limitations of Chile's social policy reveals how neoliber-
al social reforms have fundamentally restricted the scope
and impact of the Concertacidn's at-
tempts to achieve "growth with equity."
ocial inequalities had reached
unprecedented heights during the
17 years of military rule. The
deterioration of basic public services
due to constant cuts in social spending
under Pinochet affected not only the
poorest sectors of society, but also
large segments of the middle class.
Pent-up social problems had given rise
to great expectations of reforms under
a democratic government, raising the
specter of an explosion of demands
that could destabilize Chile's new
The Aylwin government's ability to
implement redistributive policies,
however, was seriously limited by
other legacies of authoritarian rule. The military's
neoliberal economic policies-including the steady
lowering of tax rates and hence government revenue
since 1984, the public debt contracted to rescue the
financial system after the 1982-1983 crisis, and the
end of revenue from the privatization of public enter-
prises, which were all sold off by 1989-imposed
serious budget constraints on the new democratic
regime. This impeded the Aylwin administration's
ability to increase social spending without creating
fiscal problems.
Within this context of sharp social tensions and bud-
getary constraints, the government devised an over-
arching plan to carry out its redistributive tasks. The
plan consisted of three basic elements. First, the gov-
ernment implemented a tax reform to generate more
funds to underwrite the state's social-policy programs.
Together with international grants and loans, this tax
reform permitted the government in its first year to
increase social spending by 17% without provoking
macroeconomic imbalances. Resources devoted to
social spending increased from year to year. By 1993,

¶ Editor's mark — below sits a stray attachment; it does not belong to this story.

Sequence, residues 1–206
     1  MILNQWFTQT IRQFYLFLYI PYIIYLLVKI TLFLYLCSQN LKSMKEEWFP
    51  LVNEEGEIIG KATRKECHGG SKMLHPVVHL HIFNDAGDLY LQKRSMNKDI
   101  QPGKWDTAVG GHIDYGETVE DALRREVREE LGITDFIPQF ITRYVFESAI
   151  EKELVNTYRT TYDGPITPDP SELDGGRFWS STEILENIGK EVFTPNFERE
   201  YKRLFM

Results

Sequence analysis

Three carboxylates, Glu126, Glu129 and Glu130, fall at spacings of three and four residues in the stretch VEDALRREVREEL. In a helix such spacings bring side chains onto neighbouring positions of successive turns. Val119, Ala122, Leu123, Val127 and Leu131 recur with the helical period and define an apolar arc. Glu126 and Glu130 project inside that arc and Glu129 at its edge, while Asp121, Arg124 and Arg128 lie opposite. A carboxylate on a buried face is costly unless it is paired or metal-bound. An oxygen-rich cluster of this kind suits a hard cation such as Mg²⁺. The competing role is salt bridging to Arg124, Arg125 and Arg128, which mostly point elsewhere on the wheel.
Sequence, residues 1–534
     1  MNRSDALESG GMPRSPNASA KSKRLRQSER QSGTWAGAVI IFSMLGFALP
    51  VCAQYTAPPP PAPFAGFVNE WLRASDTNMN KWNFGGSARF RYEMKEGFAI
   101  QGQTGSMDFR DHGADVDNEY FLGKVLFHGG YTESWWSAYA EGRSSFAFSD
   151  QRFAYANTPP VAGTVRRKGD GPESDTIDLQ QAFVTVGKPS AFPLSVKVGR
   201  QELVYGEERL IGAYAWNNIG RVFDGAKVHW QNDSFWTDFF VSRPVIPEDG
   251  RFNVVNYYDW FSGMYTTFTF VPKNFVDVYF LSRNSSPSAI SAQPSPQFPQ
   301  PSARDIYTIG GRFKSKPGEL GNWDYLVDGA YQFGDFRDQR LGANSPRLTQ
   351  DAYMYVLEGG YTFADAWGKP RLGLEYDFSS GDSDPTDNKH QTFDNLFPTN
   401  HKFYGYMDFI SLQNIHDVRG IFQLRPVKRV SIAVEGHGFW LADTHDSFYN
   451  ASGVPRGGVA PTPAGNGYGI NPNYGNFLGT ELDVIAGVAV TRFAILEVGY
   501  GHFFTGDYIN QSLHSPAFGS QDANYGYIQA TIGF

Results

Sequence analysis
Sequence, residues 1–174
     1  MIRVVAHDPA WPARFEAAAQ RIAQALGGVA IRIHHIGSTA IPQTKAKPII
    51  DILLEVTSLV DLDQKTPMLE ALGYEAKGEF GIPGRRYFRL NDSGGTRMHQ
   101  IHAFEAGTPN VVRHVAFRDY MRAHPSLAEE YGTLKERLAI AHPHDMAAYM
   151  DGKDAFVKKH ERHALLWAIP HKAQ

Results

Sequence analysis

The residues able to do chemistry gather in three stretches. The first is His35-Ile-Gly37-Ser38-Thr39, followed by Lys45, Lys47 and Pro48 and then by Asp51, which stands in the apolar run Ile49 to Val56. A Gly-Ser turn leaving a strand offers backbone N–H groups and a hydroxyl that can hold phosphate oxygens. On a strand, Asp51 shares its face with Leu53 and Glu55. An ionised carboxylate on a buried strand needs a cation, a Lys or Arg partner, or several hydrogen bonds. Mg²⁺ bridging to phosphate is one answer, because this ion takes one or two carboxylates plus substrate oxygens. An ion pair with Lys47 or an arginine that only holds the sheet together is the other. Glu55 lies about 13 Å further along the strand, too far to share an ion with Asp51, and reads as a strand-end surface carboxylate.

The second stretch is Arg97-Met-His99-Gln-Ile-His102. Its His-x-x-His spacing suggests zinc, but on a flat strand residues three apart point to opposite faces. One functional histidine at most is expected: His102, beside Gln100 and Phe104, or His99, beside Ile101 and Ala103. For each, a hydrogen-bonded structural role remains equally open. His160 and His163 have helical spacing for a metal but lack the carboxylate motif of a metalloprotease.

social spending had returned to its historic level of 15%
of the gross domestic product (GDP), although it
remained below 1970 values in per capita terms.
The second element of the Aylwin government's pro-
gram was the targeting of social spending to reach the
poorest sectors of the population. This strategy, the
government believed, would help avoid the market dis-
tortions that other redistributive mechanisms, such as
price controls, caused. New and innovative social pro-
grams were designed that focused on social groups
such as female heads of household, youth, and indige-
nous communities. The government increased subsi-
dies to low-income groups, and raised the minimum
A public hospital in Santiago.
wage. Primary health care was expanded, and the gov-
ernment invested in new hospital equipment. A pro-
gram was launched to improve the quality of basic
education and to expand the school nutrition program.
These programs were implemented in a decentralized
manner, and emphasized the participation of the bene-
ficiaries and the promotion of local self-help efforts.
Overall, the government gave priority to social pro-
grams that represented an investment in human capital,
which would promote long-term growth, as opposed to
aid programs.
As part of this effort, the government established the
Solidarity and Social Investment Fund (FOSIS), whose
principal objective is to finance projects that promote
productive employment for the poorest sectors. The
FOSIS does not directly implement projects. Rather, it
finances projects designed and administered directly